elected to the Council of Appointment
Philip Van Cortlandt* 2 years Dem.-Rep. elected in January 1793 to the 3rd United States Congress
Samuel Jones* 3 years Federalist also Recorder of New York City
Joshua Sands* 3 years Federalist
Henry Cruger 4 years Federalist
John Schenck 4 years Dem.-Rep.
Selah Strong 4 years Federalist
Middle John Cantine* 1 year Dem.-Rep.
James Carpenter* 1 year Dem.-Rep.
David Pye* 2 years Dem.-Rep.
Thomas Tillotson* 3 years Dem.-Rep.
Jacobus Swartwout* 3 years Dem.-Rep.
Joseph Hasbrouck* 4 years Dem.-Rep. elected to the Council of Appointment
Eastern Alexander Webster* 1 year Dem.-Rep.
John Williams* 2 years Dem.-Rep.
William Powers* 3 years Federalist
John Livingston[6] 4 years Dem.-Rep.
Robert Woodworth 4 years Dem.-Rep. elected to the Council of Appointment
Western Volkert P. Douw* 1 year Federalist
Leonard Gansevoort 1 year Federalist
John Frey* 2 years Federalist elected to fill vacancy, in place of Peter Schuyler;
elected to the Council of Appointment
Stephen Van Rensselaer* 2 years Federalist
Philip Schuyler* 3 years Federalist


  • Clerk: Abraham B. Bancker

State Assembly


Note: There are now 62 counties in the State of New York. The counties which are not mentioned in this list had not yet been established, or sufficiently organized, the area being included in one or more of the abovementioned counties.


The asterisk (*) denotes members of the previous Legislature who continued as members of this Legislature.

County Assemblymen Party Notes
Albany Leonard Bronck Federalist
Johannes Dietz Federalist
Jellis A. Fonda* Federalist
Stephen Lush*
Francis Nicoll* Federalist
John Ten Broeck*
Cornelius A. Van Slyck
Columbia Matthew Adgate Dem.-Rep.
Benjamin Birdsall*
Jared Coffin*
Philip Frisbee
Stephen Hogeboom
Samuel Ten Broeck
Dutchess Jonathan Akins* Dem.-Rep.
Josiah Holly
James Kent Federalist
Ebenezer Mott
Matthew Patterson*
Barnabas Payen
William Radclift
Herkimer Michael Myers* Federalist
Kings Aquila Giles
Montgomery Jacob Eaker
David McMasters*
Silas Talbot* Federalist elected in January 1793 to the 3rd United States Congress
Simon Veeder
New York William Cock
John DeLancey
William W. Gilbert
Josiah Ogden Hoffman* Federalist
William S. Livingston*
John Watts* Federalist re-elected Speaker;
elected in January 1793 to the 3rd United States Congress
John Wylly*
Ontario Isaac Chapin or Israel Chapin
Orange Reuben Hopkins Dem.-Rep.
John Smith*
Daniel Thew
Otsego Jacob Morris Federalist
Queens Samuel Clowes*
Whitehead Cornwell* Dem.-Rep.
Jacob Hicks
Rensselaer Benjamin Hicks Federalist
Christopher Hutton
Josiah Masters Dem.-Rep.
Jonathan Niles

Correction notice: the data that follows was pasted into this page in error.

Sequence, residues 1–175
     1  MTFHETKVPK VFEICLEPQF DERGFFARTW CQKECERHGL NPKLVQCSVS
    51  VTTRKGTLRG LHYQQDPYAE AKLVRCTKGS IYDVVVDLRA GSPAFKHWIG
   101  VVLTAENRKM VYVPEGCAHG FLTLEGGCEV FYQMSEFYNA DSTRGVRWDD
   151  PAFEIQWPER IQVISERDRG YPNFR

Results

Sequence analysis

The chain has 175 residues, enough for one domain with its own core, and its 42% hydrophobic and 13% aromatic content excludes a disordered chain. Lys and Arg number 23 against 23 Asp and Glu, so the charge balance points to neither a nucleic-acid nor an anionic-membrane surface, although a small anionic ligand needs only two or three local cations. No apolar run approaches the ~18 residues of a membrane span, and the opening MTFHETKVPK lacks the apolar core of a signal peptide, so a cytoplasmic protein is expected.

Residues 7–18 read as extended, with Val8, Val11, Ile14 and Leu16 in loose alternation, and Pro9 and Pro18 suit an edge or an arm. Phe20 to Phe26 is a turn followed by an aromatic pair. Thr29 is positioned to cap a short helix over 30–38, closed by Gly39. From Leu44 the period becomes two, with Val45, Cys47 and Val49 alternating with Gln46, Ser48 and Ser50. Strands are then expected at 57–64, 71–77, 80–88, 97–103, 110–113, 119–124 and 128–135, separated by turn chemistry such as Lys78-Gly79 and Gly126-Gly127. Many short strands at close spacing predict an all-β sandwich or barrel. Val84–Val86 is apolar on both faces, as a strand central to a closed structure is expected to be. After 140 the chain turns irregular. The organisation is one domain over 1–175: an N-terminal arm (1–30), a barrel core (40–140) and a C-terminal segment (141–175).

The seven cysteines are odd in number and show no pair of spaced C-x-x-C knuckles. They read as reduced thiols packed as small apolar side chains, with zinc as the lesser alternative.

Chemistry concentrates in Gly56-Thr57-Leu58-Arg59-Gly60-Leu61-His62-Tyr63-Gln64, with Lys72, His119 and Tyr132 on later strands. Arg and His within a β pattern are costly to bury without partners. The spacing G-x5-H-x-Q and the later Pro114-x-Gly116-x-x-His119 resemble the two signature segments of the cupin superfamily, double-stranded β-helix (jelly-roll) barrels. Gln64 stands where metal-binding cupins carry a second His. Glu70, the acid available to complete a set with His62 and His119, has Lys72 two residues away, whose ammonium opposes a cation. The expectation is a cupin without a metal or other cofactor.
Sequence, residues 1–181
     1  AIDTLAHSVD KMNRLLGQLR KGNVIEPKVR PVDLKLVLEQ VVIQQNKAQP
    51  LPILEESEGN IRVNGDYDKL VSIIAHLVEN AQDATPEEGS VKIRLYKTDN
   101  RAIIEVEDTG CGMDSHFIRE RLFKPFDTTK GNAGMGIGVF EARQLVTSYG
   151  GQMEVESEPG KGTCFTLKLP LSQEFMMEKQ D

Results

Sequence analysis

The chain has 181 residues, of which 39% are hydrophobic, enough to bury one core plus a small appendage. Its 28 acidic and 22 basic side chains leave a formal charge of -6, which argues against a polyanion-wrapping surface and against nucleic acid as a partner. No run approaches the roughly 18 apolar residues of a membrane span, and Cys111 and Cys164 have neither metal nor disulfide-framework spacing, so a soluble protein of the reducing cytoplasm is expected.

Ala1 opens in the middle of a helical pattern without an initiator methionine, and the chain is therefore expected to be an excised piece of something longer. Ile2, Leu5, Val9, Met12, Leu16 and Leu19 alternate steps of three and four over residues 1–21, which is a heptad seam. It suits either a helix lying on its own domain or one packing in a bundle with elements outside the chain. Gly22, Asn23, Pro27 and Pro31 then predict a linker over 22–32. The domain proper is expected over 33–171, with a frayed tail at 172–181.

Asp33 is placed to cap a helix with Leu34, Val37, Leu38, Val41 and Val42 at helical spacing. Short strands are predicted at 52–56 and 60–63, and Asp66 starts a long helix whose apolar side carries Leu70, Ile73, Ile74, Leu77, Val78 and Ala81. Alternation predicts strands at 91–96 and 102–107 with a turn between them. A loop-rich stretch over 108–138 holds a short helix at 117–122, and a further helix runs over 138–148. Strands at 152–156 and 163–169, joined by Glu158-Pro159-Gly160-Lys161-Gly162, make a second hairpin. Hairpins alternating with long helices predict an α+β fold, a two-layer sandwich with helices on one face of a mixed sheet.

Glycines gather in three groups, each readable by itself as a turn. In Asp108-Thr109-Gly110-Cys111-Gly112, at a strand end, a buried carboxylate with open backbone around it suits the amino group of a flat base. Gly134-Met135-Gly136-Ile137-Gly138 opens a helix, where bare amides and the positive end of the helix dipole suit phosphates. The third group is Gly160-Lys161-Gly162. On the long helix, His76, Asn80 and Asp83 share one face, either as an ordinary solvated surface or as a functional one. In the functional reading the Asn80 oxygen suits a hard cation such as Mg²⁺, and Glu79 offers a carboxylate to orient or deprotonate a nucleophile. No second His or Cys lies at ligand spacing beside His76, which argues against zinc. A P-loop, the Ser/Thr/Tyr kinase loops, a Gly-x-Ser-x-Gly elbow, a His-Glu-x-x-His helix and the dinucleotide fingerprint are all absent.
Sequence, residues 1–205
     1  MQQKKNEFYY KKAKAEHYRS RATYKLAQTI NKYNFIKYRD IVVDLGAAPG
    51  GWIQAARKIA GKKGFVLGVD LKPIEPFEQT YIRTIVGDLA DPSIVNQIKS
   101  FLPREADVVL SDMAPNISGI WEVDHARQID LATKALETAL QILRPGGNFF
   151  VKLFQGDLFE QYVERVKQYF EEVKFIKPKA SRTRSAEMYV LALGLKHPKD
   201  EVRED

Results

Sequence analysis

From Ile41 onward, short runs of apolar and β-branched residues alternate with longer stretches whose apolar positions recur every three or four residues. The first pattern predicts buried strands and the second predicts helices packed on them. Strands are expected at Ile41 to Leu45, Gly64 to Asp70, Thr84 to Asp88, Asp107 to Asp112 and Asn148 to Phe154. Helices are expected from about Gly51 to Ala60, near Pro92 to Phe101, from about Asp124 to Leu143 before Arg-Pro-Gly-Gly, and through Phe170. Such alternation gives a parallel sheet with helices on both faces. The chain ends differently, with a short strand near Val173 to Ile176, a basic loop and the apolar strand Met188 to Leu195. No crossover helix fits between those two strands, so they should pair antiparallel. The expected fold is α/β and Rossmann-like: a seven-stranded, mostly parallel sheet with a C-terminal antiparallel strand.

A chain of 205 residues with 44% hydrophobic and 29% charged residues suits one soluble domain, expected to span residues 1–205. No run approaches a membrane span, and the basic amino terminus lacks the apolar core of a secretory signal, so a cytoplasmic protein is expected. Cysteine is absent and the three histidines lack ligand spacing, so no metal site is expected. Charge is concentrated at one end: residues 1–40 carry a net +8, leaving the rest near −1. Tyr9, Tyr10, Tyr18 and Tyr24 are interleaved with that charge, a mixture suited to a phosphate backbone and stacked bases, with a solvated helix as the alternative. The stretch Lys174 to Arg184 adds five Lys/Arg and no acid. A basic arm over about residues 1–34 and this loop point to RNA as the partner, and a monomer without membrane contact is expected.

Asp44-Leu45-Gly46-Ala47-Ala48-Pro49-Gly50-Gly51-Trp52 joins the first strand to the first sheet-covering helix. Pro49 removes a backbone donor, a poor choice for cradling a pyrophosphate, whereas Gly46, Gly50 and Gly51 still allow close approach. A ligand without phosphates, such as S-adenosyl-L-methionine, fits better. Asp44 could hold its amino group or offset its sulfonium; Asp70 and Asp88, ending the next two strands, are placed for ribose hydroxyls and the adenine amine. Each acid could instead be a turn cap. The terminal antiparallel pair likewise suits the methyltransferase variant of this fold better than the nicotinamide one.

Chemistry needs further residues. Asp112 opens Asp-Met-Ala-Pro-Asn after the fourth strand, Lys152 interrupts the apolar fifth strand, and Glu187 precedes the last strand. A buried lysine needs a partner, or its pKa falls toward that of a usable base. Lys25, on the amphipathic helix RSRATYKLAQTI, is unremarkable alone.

Nicholas Staats
Richmond Gozen Ryerss* Federalist
Saratoga Adam Comstock
Beriah Palmer Dem.-Rep.
Suffolk John Gelston*
Jonathan N. Havens* Dem.-Rep.
Ebenezer Platt
John Smith* Dem.-Rep.
Tioga John Paterson Dem.-Rep.
Ulster John Addison Dem.-Rep.
Philip D. Bevier Dem.-Rep.
Severyn T. Bruyn Dem.-Rep.
John C. DeWitt Dem.-Rep.
Nathan Smith Dem.-Rep.
and Clinton
Daniel Curtis
Zina Hitchcock* Federalist
David Hopkins* Dem.-Rep.
Stanton Tifft
Westchester[7] Hezekiah Brown
Richard Hatfield Federalist
Elias Newman*
Thomas Thomas


  • Clerk: John McKesson
  • Sergeant-at-Arms: Robert Hunter
  • Doorkeeper:Richard Ten Eyck


  1. ^ The Anti-Federalists called themselves "Republicans." However, at the same time, the Federalists called them "Democrats" which was meant to be pejorative. After some time both terms got more and more confused, and sometimes used together as "Democratic Republicans" which later historians have adopted (with a hyphen) to describe the party from the beginning, to avoid confusion with both the later established and still existing Democratic and Republican parties.
  2. ^ The Canvass Committee at the time consisted of 6 state senators and 6 assemblymen; however, Hammond lists only 11 names: 7 Democratic-Republicans (Senators David Gelston and Thomas Tillotson; Assemblymen Melancton Smith, Daniel Graham, Pierre Van Cortlandt Jr., David McCarty and Jonathan N. Havens) and 4 Federalists (Senators Samuel Jones, Isaac Roosevelt, Leonard Gansevoort and Joshua Sands)
  3. ^ At the time all votes, of which each elector had two, were cast for President, the most voted taking the office of President and the runner-up the office of Vice-President. Washington received one vote of each elector from all States; the second votes were split among four men: John Adams 77; George Clinton 50, Thomas Jefferson 4 and Aaron Burr 1. George Clinton was eventually elected Vice-President in 1804.
  4. ^ The History of Political Parties in the State of New-York, from the Ratification of the Federal Constitution to 1840 by Jabez D. Hammond (4th ed., Vol. 1, H. & E. Phinney, Cooperstown, 1846; pg. 74f)
  5. ^ Philip Livingston, son of Peter Van Brugh Livingston
  6. ^ John Livingston, fifth son of Robert Livingston (1708–1790), 3rd Lord of the Manor
  7. ^ The Civil List of 1858 lists only Newman and Thomas; the Documents of the Assembly of 1852 list only Brown and Hatfield.


This page was last edited on 22 August 2019, at 00:13